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Using the paediatric index of morality score to report severity of illness in babies and children retrieved by NSW Newborn and Paediatric Emergency Transport Service (NETS NSW)

 

Tina Kendrick / Sandra Farrugia
NSW Newborn and paediatric Emergency Transport Service


Biography:

Tina Kendrick is the Clinical Nurse Consultant - Paediatrics at NETS NSW and a Clinical Lecturer and doctoral student at the University of Tasmania. Tina has been practicing, teaching and researching in paediatrics and critical care for the past three decades. She has co-authored book chapters and journal articles on critically ill children, critical care nurse practice standards, credentialing for specialist critical care nurses, and transition to specialty practice. Tina’s current projects are focussed on bronchiolitis, humidified high flow oxygen therapy in infants and children, clinical handover and use of the paediatric index of mortality (PIM) in the retrieval setting.

 


 

The NSW Newborn and Paediatric Emergency Transport Service (NETS) retrieve over 1500 babies and children annually. Severity of illness reports of children requiring retrieval to tertiary centres are scarce in the literature. In 2010 we determined feasibility of PIM score application in retrieval patients by applying Paediatric Index of Mortality Score (PIM2) retrospectively on 4686 children retrieved over 5 years.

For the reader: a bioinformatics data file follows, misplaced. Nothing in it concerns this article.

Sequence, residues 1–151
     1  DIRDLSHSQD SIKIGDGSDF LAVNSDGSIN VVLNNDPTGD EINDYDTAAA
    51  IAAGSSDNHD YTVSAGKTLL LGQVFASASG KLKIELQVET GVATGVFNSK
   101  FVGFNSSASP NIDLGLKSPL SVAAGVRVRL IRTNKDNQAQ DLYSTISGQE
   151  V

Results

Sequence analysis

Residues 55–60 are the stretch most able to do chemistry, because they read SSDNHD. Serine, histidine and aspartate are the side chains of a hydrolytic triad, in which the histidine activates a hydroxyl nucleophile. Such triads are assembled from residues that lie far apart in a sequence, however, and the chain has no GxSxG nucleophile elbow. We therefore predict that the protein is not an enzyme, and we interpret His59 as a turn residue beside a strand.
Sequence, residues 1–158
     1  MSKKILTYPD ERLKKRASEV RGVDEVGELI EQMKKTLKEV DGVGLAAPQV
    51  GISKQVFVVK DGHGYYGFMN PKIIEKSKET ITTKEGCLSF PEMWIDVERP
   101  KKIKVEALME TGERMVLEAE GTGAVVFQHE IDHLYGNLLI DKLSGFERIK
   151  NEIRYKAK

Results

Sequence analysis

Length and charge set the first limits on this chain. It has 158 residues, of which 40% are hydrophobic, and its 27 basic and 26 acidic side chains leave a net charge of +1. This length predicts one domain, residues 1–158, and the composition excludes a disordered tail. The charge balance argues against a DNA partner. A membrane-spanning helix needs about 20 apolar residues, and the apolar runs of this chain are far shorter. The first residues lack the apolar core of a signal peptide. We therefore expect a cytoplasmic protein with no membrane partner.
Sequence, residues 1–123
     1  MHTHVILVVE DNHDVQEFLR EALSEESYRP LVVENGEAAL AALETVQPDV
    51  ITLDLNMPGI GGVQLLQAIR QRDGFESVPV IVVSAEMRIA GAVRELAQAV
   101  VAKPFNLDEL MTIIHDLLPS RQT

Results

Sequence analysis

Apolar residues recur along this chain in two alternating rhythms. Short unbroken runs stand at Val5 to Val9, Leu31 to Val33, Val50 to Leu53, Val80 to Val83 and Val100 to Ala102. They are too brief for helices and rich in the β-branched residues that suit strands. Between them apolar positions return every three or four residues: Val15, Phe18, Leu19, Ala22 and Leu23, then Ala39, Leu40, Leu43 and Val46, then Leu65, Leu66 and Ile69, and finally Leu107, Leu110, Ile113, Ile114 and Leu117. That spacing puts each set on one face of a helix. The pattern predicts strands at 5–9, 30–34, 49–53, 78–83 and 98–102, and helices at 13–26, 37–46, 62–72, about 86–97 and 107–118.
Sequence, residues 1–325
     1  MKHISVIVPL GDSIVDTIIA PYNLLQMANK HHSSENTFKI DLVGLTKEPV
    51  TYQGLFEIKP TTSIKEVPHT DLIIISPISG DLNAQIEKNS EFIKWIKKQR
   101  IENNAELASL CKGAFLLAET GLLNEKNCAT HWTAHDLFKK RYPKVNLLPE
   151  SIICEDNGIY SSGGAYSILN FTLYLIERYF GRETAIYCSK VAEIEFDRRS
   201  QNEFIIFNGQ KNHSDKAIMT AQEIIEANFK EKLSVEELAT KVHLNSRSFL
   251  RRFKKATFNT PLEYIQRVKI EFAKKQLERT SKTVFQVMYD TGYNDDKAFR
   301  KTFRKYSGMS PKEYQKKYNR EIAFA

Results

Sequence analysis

From January 1, 2015 the updated Paediatric Index of Mortality Score (PIM3) was used to assess severity of illness in all eligible patients where NETS NSW attended.

Physiological data and other PIM3 variables were collected on all eligible babies and children. PIM3 Risk of Death (PIMROD) and number of expected deaths were calculated and banded into five categories: 0 1%, >1-5%, >5-15%, >15-30% and >30-100%. Most newborns and those babies and children who died before NETS team contact were excluded. Outcome data was obtained via data sharing with the Sydney Children’s Hospitals Network ICUs and routine NETS follow-up.  

In 2015 there were 785 babies and children eligible for a PIM3 score. PIM predicted 23 deaths, with 20 actual deaths in our cohort. The crude mortality rate was 2.68% and standardised mortality rate was 0.86 (95% CI = 0.53-1.34), both comparable with the 2015 Australian and New Zealand Paediatric Intensive Care Registry crude mortality rate of 2.26% and standardised mortality rate of 0.95 (95% CI = 0.85 – 1.05).

Over 75% of babies and children who died had a very high PIMROD (>30%), with no deaths in children with a very low PIMROD (>1%). Three children died prior to retrieval in the referring hospital with NETS in attendance. Almost 40% of babies and children were retrieved to Emergency. Retrievals to Intensive Care increased from 25% in 2005 to 50% in 2009 and over 58% in 2015, while mortality remained essentially unchanged.

 

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